Designers often crack jokes about the two typefaces that have become the bane of our existence: Papyrus and Comic Sans. (Arguably, Trajan, aka “the movie font,” could also be added to the list.) We might even become a bit melodramatic when encountering said typefaces, whether in the real world or the digital one. As a result, there seems to be a perception that our general distaste for these particular fonts is rooted in some sort of cognitive understanding that only makes sense to fellow typophiles. On the contrary, simple Google searches lead to sites such as bancomicsans.com and papyruswatch.com that aim to “document and expose the overuse of the Papyrus font.” You can even sign a Comic Sans Criminal Pledge. (One of my all-time favorite links, which comes with a "might not be suitable for work" warning, captures the perspective of the much-abused Comic Sans in a written rant by Mike Lacher.) Clearly, these typefaces have made an impact within larger culture whether for good or ill.
But the question remains: Why is it “bad” to use Papyrus and Comic Sans? Is this just some silly rule made up by a group of snobby designers?
Working so closely with letterforms on a regular basis, I can tell you that despite the plethora of fonts made available online, not all type is created equal. Typefaces like Helvetica and Garamond were painstakingly crafted, and subsequently tweaked and refined for the digital era; the process of developing an entire font family, including bold and italic versions along with a variety of weights, involves paying a great deal of attention to individual shapes as well as spacial relationships.
The same cannot necessarily be said for the free, downloadable font options. And, unlike Papyrus and Comic Sans, traditional typefaces tend to be more versatile, capable of speaking to a range of audiences. When people ask for names of “good fonts,” my recommendations are based on my knowledge of the quality of the design of the typefaces in question and how well they’ve withstood the test of time.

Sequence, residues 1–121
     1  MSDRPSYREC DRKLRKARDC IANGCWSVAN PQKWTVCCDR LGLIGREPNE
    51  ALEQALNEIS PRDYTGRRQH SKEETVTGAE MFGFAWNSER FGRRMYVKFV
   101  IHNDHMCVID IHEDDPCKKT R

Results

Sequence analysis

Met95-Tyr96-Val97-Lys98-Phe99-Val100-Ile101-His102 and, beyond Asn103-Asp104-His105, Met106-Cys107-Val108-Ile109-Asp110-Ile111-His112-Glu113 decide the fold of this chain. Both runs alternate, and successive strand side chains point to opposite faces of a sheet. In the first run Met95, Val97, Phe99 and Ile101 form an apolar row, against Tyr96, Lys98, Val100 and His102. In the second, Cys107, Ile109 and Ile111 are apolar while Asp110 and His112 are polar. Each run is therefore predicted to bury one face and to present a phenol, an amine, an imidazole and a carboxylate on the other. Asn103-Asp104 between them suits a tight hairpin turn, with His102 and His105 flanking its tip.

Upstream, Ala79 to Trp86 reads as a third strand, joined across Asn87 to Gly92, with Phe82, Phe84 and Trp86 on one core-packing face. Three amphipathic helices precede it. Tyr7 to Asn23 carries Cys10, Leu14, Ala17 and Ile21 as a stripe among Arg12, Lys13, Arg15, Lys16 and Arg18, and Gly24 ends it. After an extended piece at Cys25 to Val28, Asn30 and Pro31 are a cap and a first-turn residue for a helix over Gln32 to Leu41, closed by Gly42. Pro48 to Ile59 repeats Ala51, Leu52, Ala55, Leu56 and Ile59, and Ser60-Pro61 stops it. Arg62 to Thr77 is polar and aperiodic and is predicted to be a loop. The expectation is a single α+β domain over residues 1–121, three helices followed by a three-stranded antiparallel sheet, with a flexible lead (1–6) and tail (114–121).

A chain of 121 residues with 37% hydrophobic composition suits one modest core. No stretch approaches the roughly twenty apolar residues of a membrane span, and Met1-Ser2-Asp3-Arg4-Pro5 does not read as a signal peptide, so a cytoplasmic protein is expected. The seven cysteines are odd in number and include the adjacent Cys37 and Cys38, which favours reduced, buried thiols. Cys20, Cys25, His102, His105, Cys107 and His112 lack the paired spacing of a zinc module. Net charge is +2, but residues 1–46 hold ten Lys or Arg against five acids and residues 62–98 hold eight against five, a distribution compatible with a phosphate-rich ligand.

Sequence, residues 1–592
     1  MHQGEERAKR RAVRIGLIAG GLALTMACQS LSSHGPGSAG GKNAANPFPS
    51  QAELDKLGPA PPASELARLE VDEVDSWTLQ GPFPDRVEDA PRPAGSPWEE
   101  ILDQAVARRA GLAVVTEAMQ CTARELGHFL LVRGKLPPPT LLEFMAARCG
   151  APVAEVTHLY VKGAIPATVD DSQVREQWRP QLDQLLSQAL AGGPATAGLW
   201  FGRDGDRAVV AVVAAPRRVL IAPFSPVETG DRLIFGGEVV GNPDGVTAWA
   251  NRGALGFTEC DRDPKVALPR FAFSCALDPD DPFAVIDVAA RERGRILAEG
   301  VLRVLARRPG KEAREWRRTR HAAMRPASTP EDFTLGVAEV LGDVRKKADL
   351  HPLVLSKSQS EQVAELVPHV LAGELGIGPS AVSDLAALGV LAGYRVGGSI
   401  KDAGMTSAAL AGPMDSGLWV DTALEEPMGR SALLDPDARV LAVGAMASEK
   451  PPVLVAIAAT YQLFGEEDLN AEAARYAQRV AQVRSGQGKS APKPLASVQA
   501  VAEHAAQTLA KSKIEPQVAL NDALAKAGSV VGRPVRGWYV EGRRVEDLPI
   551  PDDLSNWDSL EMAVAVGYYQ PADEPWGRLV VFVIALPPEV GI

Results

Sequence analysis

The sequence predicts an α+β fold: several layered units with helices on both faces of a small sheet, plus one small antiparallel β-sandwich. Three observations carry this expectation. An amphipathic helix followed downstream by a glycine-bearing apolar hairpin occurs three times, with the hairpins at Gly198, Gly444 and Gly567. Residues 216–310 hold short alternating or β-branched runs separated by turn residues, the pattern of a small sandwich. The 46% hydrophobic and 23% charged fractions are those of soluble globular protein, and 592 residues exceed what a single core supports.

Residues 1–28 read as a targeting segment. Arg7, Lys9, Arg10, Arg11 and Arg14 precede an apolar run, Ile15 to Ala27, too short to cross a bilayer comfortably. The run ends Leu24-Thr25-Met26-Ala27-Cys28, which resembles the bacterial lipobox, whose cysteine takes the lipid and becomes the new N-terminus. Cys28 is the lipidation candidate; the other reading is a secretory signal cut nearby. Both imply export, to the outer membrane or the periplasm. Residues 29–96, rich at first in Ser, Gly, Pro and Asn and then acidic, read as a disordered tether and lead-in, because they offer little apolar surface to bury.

Much like people, typefaces also have personalities. An elegant script like Sloop makes a very different statement than Clarendon or Univers. Consequently, finding the right typographic fit for corresponding content is important. We would have trouble navigating public transportation systems or reading mobile devices if the text was rendered in a delicate way that made it challenging to read from a distance or on a small scale. Additionally, the visual characteristics of a script would convey a sentiment that is at odds with the sense of movement and efficiency we associate with being "on-the-go."
Papyrus and Comic Sans certainly have personality. To put it delicately, however, the qualities that make them unique limit where and when they are most effective. When Chris Costello developed Papyrus in the 1980s, he never imaged that it would be used so indiscriminately. As the designer himself states, the extensive use of Papyrus has detracted from its “original appeal.”
There is nothing inherently awful—or at least, comparatively, more awful—about Comic Sans. Similarly to Papyrus, however, context is everything. Just as Papyrus appears everywhere, regardless of how well it conveys the information being communicated, the use of Comic Sans knows no limits. Very few of us would type an e-mail message to a prospective employer, client or colleague in all caps. Yet somehow we are collectively less discerning when it comes to employing what can best be described as a casual, child-like script for any number of applications, whether personal or professional.
Case in point: the now infamous, angry open letter to fans penned by the Cleveland Cavaliers owner, Dan Gilbert, when LeBron James went to play for the Miami Heat, written entirely in “less-than-intimidating” Comic Sans. Ironically, in this case, using all caps might have been a better option.